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Wednesday, January 25, 2006

eSafety: To route or not to route...

I will recommend that anyone on a high-speed Internet connection obtain and configure a router. The router is a physical, and virtually impenatratable wall between the Internet and your PC. While there are software solutions available to protect you, the very nature software means it can be compromised by user-error or inherent flaw.

A router plugs in between your DSL/Cable Modem and your PCs or Network in your home, office, or hotel room and routes traffic between your Local Area Network (LAN) and the Internet through your ISP using what some call Internet Protocol (IP) or TCP/IP. The Internet protocol was not designed with the threat of hackers and viruses in mind, it was designed to deliver information, globally, efficiently and reliably. The primary function of the router is to facilitate this by routing only traffic that is meant for your eyes. There is quite a bit of junk that will fly by that's not important and you do not want that traffic on your LAN. The nature of a router, the firewall aspect of the typical router is the ability to disallow access. The complexity involved is dependant on the features, but even the most basic router will allow for you to communicate over the Internet while comfortably seated behind a locked door.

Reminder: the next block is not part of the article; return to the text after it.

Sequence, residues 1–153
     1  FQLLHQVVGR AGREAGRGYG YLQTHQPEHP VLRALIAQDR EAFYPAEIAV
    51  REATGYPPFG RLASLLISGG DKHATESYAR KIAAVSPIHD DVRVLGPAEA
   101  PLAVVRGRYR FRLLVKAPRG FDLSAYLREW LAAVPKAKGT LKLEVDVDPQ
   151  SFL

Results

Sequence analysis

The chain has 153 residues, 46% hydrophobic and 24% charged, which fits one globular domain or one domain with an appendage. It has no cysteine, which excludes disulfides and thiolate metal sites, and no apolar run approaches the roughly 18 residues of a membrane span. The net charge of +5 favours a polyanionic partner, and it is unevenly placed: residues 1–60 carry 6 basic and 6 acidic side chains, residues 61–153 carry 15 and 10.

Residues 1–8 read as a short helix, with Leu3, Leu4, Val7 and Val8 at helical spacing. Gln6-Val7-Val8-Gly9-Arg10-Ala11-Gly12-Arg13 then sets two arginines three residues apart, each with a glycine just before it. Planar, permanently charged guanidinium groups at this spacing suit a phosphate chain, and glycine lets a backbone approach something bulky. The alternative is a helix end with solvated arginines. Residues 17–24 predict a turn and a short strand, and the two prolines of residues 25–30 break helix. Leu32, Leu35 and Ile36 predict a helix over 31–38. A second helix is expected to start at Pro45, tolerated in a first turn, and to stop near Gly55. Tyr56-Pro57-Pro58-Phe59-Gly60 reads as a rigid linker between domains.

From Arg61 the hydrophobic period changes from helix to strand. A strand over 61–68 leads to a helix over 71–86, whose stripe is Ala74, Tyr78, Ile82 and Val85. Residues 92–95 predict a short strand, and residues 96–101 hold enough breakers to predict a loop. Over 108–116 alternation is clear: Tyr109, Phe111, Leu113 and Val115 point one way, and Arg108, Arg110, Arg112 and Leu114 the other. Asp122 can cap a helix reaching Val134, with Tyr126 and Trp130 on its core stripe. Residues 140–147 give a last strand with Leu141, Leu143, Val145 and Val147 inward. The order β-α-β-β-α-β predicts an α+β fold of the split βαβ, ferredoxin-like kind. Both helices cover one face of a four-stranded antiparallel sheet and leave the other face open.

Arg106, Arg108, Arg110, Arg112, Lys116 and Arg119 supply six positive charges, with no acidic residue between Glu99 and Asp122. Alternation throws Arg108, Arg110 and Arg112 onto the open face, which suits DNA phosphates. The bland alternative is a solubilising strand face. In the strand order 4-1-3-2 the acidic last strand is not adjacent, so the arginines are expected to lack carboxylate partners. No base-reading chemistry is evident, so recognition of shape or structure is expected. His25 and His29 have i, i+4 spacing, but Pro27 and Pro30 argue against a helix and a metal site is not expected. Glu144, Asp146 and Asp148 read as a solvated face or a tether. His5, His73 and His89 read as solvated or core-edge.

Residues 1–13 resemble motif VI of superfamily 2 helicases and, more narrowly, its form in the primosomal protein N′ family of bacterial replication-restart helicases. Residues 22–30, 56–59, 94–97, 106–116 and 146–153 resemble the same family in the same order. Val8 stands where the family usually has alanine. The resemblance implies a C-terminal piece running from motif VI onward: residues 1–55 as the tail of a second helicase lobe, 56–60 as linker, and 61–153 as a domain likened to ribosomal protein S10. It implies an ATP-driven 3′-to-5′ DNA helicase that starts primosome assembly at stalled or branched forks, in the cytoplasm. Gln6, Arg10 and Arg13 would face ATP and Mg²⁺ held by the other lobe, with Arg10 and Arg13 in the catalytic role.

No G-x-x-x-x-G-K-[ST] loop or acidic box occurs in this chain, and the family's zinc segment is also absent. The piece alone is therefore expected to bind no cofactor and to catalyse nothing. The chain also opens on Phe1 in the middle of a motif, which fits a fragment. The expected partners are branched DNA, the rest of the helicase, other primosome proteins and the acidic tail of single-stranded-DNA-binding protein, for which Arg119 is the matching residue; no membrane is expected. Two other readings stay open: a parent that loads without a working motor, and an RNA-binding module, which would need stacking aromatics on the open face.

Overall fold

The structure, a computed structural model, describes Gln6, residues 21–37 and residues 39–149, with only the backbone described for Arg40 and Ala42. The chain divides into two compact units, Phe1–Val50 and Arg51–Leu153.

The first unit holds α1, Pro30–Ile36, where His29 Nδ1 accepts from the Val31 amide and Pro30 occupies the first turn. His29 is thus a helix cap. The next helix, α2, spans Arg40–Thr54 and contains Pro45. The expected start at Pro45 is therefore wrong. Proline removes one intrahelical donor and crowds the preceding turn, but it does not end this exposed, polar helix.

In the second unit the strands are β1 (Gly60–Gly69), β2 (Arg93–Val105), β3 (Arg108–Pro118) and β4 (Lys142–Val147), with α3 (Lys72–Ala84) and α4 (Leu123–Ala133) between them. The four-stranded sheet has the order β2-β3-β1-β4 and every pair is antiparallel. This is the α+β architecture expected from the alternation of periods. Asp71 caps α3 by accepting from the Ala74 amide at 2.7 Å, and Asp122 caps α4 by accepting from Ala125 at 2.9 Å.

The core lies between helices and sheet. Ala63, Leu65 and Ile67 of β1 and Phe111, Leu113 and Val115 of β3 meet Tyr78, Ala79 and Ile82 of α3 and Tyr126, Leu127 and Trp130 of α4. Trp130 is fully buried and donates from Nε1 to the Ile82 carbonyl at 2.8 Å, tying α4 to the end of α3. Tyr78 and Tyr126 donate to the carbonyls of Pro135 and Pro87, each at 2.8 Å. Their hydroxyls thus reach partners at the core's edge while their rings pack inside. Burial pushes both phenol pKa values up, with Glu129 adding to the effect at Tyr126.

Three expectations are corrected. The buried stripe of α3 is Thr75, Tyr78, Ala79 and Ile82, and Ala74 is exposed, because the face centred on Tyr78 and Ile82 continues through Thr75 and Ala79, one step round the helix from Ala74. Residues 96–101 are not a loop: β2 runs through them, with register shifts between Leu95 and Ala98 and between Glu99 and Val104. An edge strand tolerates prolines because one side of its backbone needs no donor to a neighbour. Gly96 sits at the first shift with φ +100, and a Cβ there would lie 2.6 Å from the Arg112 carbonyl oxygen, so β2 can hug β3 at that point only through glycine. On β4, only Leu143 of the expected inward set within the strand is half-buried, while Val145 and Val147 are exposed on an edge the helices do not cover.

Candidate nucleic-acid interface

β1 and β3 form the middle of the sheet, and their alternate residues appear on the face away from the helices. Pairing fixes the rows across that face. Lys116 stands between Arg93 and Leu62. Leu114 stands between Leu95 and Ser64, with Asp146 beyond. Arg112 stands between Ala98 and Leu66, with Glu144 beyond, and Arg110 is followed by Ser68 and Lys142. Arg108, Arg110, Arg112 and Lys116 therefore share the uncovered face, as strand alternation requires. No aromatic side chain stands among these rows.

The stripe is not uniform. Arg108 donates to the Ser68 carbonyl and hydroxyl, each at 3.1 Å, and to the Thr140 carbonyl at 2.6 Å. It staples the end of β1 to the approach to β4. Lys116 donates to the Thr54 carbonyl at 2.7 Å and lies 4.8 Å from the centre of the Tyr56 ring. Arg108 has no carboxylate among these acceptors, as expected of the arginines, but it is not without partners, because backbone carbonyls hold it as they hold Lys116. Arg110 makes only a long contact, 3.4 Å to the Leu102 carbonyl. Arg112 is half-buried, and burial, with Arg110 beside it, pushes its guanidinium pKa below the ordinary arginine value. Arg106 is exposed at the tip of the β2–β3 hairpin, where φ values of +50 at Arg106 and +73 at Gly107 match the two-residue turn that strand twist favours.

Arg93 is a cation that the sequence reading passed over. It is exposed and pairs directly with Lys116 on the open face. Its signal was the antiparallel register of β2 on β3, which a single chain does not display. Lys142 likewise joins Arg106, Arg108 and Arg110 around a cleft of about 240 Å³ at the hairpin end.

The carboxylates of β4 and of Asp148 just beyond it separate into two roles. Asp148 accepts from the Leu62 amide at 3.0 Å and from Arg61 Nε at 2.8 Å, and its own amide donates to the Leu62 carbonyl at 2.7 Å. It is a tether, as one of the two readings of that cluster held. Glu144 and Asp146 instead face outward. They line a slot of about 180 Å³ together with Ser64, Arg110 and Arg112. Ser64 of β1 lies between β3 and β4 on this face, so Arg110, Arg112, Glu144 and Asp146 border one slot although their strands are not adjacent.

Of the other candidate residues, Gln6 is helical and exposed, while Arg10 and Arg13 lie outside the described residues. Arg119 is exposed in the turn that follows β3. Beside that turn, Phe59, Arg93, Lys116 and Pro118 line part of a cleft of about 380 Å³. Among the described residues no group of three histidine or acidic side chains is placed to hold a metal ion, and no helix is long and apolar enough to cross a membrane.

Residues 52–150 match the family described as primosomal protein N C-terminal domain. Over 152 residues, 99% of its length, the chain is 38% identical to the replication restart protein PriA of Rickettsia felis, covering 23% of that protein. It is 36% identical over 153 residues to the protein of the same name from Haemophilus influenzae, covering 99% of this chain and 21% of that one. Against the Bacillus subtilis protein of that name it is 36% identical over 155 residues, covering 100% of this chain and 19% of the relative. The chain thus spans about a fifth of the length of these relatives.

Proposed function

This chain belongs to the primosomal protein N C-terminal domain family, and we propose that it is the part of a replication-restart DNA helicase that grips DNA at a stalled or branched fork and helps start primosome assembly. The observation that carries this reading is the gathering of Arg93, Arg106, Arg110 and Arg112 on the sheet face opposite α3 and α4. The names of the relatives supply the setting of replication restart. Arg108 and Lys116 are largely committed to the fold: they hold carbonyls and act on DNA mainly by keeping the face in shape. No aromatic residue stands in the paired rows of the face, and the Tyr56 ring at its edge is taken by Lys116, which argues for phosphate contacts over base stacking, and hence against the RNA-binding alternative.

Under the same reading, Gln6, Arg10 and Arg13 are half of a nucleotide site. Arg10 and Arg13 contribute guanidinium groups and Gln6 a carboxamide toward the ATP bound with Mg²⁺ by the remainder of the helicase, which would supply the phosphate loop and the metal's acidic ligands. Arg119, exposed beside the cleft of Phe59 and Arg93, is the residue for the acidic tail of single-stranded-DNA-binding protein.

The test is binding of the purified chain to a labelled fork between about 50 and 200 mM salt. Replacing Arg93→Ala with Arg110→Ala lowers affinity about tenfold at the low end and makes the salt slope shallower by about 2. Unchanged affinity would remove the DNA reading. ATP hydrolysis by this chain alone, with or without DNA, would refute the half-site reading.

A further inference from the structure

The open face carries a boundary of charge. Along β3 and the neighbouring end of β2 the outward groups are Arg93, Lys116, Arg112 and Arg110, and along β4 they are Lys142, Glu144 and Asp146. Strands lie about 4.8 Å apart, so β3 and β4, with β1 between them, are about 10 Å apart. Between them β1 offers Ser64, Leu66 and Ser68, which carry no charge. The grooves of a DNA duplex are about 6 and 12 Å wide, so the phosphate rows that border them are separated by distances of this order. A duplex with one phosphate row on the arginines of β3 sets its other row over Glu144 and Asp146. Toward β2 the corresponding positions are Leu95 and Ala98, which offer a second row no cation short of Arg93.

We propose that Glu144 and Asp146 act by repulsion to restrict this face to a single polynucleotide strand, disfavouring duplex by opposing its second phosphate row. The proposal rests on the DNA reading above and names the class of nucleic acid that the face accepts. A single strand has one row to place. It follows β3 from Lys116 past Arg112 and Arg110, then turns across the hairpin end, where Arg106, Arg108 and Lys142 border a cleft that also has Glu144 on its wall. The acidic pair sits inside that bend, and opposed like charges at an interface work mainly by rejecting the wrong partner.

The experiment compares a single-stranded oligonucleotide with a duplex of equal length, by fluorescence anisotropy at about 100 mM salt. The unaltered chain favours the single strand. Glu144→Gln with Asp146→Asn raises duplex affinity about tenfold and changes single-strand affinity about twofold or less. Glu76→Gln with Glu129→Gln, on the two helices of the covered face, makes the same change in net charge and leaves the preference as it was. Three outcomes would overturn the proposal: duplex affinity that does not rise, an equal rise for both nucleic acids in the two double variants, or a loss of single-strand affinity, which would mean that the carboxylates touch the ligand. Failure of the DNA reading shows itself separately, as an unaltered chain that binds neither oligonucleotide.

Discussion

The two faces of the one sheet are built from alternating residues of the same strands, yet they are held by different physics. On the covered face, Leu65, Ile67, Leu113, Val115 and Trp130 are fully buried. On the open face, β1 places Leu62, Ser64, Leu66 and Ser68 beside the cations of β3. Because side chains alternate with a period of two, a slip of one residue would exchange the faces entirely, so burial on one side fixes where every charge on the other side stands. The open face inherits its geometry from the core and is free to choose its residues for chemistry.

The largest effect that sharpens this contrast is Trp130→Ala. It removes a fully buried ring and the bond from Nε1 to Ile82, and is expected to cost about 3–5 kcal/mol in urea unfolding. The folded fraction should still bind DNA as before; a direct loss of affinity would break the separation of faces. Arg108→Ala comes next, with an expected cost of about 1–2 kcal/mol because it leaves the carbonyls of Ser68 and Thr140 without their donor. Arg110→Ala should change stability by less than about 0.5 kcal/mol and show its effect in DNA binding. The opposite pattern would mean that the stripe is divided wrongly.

In reality it is several locked doors, 65535 doors actually, referred to as ports. Many ports have a commonly accepted use, such as web browsing (80 and 443), E-Mail (110 and 25), and inter-PC communication (135). This is NOT all of them, there are many more for many purposes. Most default configurations allow you to make outbound connections on all of these ports and will not interfere with your usage, some routers will allow adjustments of that but that's another discussion.

Your safety is found in the security of these closed doors. You should leave them closed unless you have a very specific need, such as a specialized software's need. This should be done only if you know exactly what you are doing and only for very specific ports. Some games require ports to be opened and directed to the PC playing the game, this is normally for hosting a game. Your router will have basic security restricting access to the configuration. suring configuration you should always change the password from the manufacturer's default. If you have purchased a wireless router, turn off the wireless if it not going to be used. Be very careful when configuring a wireless router, if you leave the wireless doors unlocked you leave access to your PC unlocked, but you also risk sharing your Internet connectivity with neighbours or passersby.

Routers are not expensive. Looking at the local Best Buy will snag you a router, a healthy safety plan, for less than $50. It is time to stop considering the value of a router and realize the necessity.

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